“I place economy among the first and most important virtues and public debt as the greatest dangers to be feared … We must not let our rulers load us with perpetual debt. We must make our choice between economy and liberty or profusion and servitude … The same prudence which in private life would forbid our paying money for unexplained projects, forbids it in the disposition of public money. We are endeavoring to reduce the government to the practice of rigid economy to avoid burdening the people …”
Books on the topic of this essay may be found in The Imaginative Conservative Bookstore. The Imaginative Conservative applies the principle of appreciation to the discussion of culture and politics—we approach dialogue with magnanimity rather than with mere civility. Will you help us remain a refreshing oasis in the increasingly contentious arena of modern discourse? Please consider donating now.
We hope you will join us in The Imaginative Conservative community. The Imaginative Conservative is an online journal for those who seek the True, the Good, and the Beautiful. We address culture, liberal learning, politics, political economy, literature, the arts, and the American Republic in the tradition of Russell Kirk, T.S. Eliot, Edmund Burke, Irving Babbitt, Paul Elmer More, Wilhelm Roepke, Robert Nisbet, M.E. Bradford, Eric Voegelin, Christopher Dawson, and other leaders of Imaginative Conservatism.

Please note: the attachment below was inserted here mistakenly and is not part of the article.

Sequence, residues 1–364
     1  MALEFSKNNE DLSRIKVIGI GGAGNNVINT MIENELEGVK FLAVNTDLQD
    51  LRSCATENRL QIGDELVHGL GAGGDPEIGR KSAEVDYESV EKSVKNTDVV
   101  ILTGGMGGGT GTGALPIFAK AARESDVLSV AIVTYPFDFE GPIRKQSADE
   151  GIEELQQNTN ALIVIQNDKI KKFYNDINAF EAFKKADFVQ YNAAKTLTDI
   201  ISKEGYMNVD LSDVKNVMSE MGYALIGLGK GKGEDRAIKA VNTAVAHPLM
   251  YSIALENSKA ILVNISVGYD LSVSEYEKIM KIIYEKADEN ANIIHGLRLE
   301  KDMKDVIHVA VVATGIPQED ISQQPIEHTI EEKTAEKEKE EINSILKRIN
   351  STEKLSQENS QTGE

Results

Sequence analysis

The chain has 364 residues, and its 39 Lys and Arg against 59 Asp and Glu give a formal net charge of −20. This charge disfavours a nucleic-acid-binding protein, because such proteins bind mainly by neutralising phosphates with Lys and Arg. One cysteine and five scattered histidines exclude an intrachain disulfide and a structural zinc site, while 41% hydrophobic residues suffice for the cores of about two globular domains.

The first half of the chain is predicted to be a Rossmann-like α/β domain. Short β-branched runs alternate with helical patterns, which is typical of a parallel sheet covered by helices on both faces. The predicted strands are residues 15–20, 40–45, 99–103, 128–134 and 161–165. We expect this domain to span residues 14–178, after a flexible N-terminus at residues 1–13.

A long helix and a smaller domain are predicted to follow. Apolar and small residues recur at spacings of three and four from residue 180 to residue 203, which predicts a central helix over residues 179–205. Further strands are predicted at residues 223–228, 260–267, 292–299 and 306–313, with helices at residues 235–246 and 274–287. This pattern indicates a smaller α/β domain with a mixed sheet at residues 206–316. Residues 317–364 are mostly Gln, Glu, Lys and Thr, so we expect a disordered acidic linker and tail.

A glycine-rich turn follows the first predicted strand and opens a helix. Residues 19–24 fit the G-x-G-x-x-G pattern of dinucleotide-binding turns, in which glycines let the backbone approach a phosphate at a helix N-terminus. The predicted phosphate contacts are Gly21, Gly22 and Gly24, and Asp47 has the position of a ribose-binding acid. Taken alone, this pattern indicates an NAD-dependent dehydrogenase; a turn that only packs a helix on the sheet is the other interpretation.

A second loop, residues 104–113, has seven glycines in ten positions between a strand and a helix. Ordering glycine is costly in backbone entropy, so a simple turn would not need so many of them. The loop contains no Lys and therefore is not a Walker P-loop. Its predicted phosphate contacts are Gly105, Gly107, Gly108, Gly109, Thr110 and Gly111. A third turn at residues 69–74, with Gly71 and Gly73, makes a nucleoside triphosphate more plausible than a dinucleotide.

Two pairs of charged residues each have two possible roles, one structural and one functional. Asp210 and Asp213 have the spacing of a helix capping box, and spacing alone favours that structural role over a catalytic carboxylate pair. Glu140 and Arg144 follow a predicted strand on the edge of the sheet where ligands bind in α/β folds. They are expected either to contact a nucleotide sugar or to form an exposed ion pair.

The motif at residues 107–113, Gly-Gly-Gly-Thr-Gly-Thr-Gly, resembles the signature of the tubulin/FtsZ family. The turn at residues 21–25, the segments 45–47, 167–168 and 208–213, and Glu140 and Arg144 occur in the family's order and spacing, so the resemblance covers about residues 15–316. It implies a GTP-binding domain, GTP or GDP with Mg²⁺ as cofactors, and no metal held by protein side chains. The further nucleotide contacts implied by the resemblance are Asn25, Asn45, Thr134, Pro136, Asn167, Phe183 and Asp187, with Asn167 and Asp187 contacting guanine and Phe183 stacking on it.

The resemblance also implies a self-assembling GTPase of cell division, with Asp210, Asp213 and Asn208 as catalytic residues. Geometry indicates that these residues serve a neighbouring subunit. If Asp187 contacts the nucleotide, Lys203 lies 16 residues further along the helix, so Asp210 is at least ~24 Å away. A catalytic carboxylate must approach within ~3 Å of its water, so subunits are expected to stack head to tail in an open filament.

For books on or by Thomas Jefferson, visit our Bookstore.
We address a wide variety of major issues including: What is the essence of conservatism? What was the role of faith in the American Founding? Is liberal learning still possible in the modern academy? Should conservatives and libertarians be allies? What is the proper role for the American Republic in spreading ordered liberty to other cultures/nations?